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Crime Laboratories

Sniper Attacks

In October 2002 two individuals carried out sniper attacks in the Washington, D.C., area as well as in Virginia and Maryland. Millions of residents were gripped by fear, worrying that their community would be the next to suffer a deadly sniper attack. The offenders were seventeen-year-old Lee Boyd Malvo and forty-one-year-old John Allen Muhammad.

Between the time Malvo and Muhammad were first identified as the offenders and the conclusion of their trials at the end of 2003, six FBI Lab units cooperated to bring the criminals to justice. The units involved were Latent Prints, DNA Analysis, Trace Evidence, Questioned Documents, Structural Design, and Investigative and Prosecutive Graphics.

Solving Old Mysteries

John Wilkes Booth (1838–1865) assassinated U.S. president Abraham Lincoln (1809–1865; served 1861–65) at Ford's Theatre in Washington, D.C., in April 1864. Booth dropped his gun, a single-shot pistol, as he leapt onto the stage and escaped out the back of the theatre. The pistol was put on display in 1940 at the theatre's museum.

In 1997, following the death of a suspected thief, records were discovered that he had stolen Booth's pistol in the 1960s and replaced it with a fake. The U.S. National Park Service, which runs the Ford Theatre Museum, asked the FBI to determine if the museum's pistol was real. Using a photo of the original pistol taken prior to 1960 and the pistol on display, the FBI's Firearms-Toolmarks Unit and the lab's Special Photographic Unit analyzed the pistol itself, the photograph of the pistol, and historic photographs of other pistols of this type.

The lab compared the museum's pistol to other pistols of the same time period and used a dental material to make a cast of the inside of the gun barrel. The FBI determined that the pistol had a number of unique markings and characteristics including a crack in the wooden part of the gun. These characteristics confirmed the pistol that was in the museum was from the time period of Lincoln's assassination, was not a replica made in later years, and was the actual gun that had killed the president.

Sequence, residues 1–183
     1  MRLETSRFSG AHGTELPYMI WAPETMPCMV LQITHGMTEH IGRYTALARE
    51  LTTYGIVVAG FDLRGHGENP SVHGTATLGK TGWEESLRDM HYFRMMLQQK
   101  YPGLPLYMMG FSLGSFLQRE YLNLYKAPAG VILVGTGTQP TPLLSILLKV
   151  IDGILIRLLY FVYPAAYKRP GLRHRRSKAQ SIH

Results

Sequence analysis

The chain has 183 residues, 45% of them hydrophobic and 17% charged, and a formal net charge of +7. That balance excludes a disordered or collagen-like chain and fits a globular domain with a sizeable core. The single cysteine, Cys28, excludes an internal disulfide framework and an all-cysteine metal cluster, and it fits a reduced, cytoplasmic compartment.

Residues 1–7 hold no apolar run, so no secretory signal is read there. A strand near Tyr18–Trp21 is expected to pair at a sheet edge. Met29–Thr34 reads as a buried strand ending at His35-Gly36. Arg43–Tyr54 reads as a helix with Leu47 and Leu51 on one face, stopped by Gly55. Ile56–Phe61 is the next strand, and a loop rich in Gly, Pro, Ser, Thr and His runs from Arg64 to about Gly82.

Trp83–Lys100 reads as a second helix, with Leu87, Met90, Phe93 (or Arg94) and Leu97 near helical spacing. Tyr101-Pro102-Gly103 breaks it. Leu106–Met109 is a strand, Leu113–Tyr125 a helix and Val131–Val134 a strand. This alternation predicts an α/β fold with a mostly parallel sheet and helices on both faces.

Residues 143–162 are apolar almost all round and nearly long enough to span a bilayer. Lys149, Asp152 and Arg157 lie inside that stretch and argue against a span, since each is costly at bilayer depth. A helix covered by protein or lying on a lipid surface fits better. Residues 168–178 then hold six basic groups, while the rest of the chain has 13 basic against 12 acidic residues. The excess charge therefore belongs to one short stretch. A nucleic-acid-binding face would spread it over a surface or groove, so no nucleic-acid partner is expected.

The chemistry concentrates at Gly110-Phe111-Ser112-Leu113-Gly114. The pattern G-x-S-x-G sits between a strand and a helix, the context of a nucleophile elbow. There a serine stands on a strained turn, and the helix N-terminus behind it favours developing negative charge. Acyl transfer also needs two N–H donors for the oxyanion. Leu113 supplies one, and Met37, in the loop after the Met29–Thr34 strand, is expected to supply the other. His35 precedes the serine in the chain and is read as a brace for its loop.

Around October 23, 2002, the police department of Montgomery, Alabama, decided to submit fingerprints gathered from the murder of a convenience store clerk to the FBI Latent Print Unit. They suspected whoever carried out the shooting An ATF agent searching for evidence in the 2002 Washington, D.C.area sniper case. (AP/Wide World Photos)

spree in the Washington, D.C., area might be the same individuals involved in the convenience store murder. FBI personnel entered the fingerprints into the Integrated Automated Fingerprint Identification System (IAFIS) and got a match. The prints belonged to Malvo, who had once been arrested on an immigration violation. Further examination of Malvo's records found another name—John Allen Muhammad. The Latent Print Unit matched Malvo's and Muhammad's fingerprints to items left at the crime scenes. Twelve hours later Malvo and Muhammad were apprehended at a highway rest stop in Maryland.

The FBI's DNA units matched DNA from the crime scenes and from the car of the snipers. The samples matched Malvo and Muhammad and included such evidence as bags, notes, a brown glove, and hairs found in a duffel bag and on a coat from crime scenes, as well as the weapons recovered from the car.

The Trace Evidence Unit matched blue, gray, and white fabric fibers to the car seats of the snipers. Trace Evidence also found brown fibers collected at the crime scenes matching brown gloves, one of which was left at a crime scene, the other one from the car. Questioned Documents analyzed notes written and left at two crime scenes and determined that they were written by the same person who wrote in a manual found in the suspects' car.

Both the Structural Design and Graphics units provided visual reconstructions used as exhibits in trials. Structural Design built a full-sized replica of the snipers' trunk, complete with the specially made hole from which shots could be fired. Graphics produced digital images of the white van and truck originally thought to belong to the suspects; made diagrams of crime sites, their victims, and possible positions of the shooters; and provided a timeline of the sniper attacks.

Both Malvo and Muhammad were found guilty of carrying out the sniper attacks. Malvo, largely because of his young age, received life in prison without parole. Muhammad was sentenced to death.

The FBI Lab units played a major role in the arrest and conviction of Malvo and Muhammad. Many criminal cases, like the D.C. sniper case, involve the cooperation of many departments and units on local, state, and federal levels. They all have the same goal of collecting, preserving, and analyzing all kinds of evidence to bring criminals to justice.

Additional topics

Law Library - American Law and Legal InformationCrime and Criminal LawCrime Laboratories - Historical Perspective, Crime Laboratories, Fbi Crime Laboratory, Engineering Research Facility, Sniper Attacks, Solving Old Mysteries - Modern forensic investigations